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Blueprint Developer Manual / Version 2310

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5.4.8 CMS Catalog


Some companies do not run an online store. They do not need a fully featured shopping system. Nonetheless, they want to promote some products on their corporate site.


CoreMedia Content Cloud provides the CMS Catalog, an implementation of the eCommerce API, which is backed only by the CMS and does not need a third-party eCommerce system. It allows maintaining a smaller number of products and categories for presentation on the website. It does not support shopping features like availability or payment. The CMS Catalog is based on Blueprint features. It is already integrated in the Corporate extension, so you can use it out of the box.

Maven ModuleDescription
com.coremedia.blueprint.base:bpbase-ecommerce Contains the eCommerce API implementation for the CMS. The implementation is content type independent.
com.coremedia.blueprint:ecommerce Contains the content types, content beans and the studio catalog component.
com.coremedia.blueprint:corporate Example usage of the catalog in the corporate page.

Table 5.11. CMS Catalog: Maven parent modules

Content Types

In the CMS Catalog products and categories are modeled as content. There are two new content types, CMProduct and CMCategory, which extend the well known Blueprint content types CMTeasable and CMChannel, respectively. So you can seamlessly integrate categories into your navigation hierarchy and place products on your pages, just like any other content. In order to activate the new content types you have to add a Maven runtime dependency on the catalog-doctypes module to your Content Server components.

Content Beans

The modules catalog-contentbeans-api and catalog-contentbeans-lib provide content beans for CMProduct and CMCategory. The content beans integrate into the class hierarchy according to their content types, that is they extend CMTeasable and CMChannel, respectively. The content beans do not implement the eCommerce API interfaces Product and Category, though. Instead, they provide delegates via getProduct and getCategory methods. While this may look inconvenient at first glance, it has some advantages concerning flexibility:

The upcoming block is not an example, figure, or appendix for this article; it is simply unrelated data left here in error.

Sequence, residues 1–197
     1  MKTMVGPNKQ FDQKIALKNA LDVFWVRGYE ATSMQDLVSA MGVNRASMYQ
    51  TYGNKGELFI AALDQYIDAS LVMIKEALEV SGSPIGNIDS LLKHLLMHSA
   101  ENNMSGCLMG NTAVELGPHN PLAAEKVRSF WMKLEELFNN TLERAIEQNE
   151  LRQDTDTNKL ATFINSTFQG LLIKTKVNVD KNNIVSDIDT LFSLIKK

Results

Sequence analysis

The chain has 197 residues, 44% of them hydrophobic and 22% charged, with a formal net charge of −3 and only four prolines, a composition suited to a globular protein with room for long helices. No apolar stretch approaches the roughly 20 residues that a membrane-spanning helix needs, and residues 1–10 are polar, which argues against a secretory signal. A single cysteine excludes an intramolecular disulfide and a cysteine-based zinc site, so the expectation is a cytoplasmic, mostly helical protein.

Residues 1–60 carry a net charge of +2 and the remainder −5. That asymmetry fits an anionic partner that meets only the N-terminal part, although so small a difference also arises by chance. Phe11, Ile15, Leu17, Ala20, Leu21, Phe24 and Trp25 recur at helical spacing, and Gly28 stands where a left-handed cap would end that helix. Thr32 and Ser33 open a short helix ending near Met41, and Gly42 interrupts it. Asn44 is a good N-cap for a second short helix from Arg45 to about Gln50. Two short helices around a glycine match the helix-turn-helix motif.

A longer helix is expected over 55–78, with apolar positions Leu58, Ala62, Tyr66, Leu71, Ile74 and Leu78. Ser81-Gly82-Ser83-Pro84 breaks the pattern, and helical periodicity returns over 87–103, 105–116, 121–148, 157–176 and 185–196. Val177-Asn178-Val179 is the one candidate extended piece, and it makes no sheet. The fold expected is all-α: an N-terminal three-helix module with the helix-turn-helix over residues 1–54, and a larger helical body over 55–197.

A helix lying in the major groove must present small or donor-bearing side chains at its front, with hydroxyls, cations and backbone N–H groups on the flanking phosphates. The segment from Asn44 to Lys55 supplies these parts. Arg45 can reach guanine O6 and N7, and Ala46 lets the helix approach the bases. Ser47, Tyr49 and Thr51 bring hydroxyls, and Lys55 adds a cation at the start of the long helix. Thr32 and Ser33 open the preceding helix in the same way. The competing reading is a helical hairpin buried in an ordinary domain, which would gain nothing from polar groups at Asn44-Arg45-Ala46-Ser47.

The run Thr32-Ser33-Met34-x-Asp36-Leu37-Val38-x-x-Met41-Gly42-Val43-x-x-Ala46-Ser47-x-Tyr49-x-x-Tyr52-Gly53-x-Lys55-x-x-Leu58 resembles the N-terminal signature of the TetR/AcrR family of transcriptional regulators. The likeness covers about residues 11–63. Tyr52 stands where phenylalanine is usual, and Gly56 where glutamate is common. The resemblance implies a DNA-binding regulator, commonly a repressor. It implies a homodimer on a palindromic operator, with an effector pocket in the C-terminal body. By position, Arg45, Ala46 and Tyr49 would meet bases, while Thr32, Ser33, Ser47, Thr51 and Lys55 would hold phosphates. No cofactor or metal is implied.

• The content bean interfaces remain independent of future changes in the eCommerce API.

  • You have better control over the view lookup by explicitly including the content bean or the delegate.


First, you need three settings in the root channel to activate a CMS Catalog for your site. Blueprint Base provides a commerce connection named cms1 which is backed by the content repository. You can activate this connection by the livecontext.connectionId setting. Moreover, your catalog needs a name, which is specified by the setting. Finally, your catalog needs a root category, which is specified by the livecontext.rootCategory setting. In case you didn't choose a root category, you need to reload the site to complete the linking of the settings to the site.

CMS Catalog Settings

Figure 5.15. CMS Catalog Settings

Although the catalog indicator is a CMCategory content item, it does not represent a category but serves only as a technical container for the actual top categories (see eCommerce API, CatalogService#findTopCategories). The concept resembles the site indicator, which is the point of entry to the navigation without being part of it.

In a multi-site project sites may have different commerce connections. In order to make DefaultConnection#get work correctly regarding to the site a particular request refers to, you need to declare a Maven runtime dependency on the bpbase-ec-cms-component module and import some magic into the CAE Spring configuration:

<import resource="classpath:/com/coremedia/blueprint/ecommerce/cae/ec-cae-lib.xml"/>

While the product → category relation is modeled explicitly with the contexts link list, the reverse relation uses the search engine. Therefore, you need to extend the contentfeeder component with some Spring configuration from the bpbase-ec-cms-contentfeeder-lib module:

<import resource="classpath:/framework/spring/bpbase-ec-cms-contentfeeder.xml"/>

You can use both, Product or CMProduct templates. You can also use a mixture of both for different views or fallback to CMTeasable templates for views that do not involve CMProduct specific features.

Using Product templates you can easily switch to a third-party eCommerce system later, since the interface remains the same. Otherwise, you are more flexible with CMProduct templates:

  • You can easily enhance the CMProduct content type and interface and access the new features immediately.

  • You benefit from all the inherited features (like multi-language) and fallback capabilities along the content type driven interface hierarchy.

  • You can easily switch from CMProduct to Product just by calling CMProduct#getProduct anywhere you need a Product object. The reverse direction is more cumbersome.

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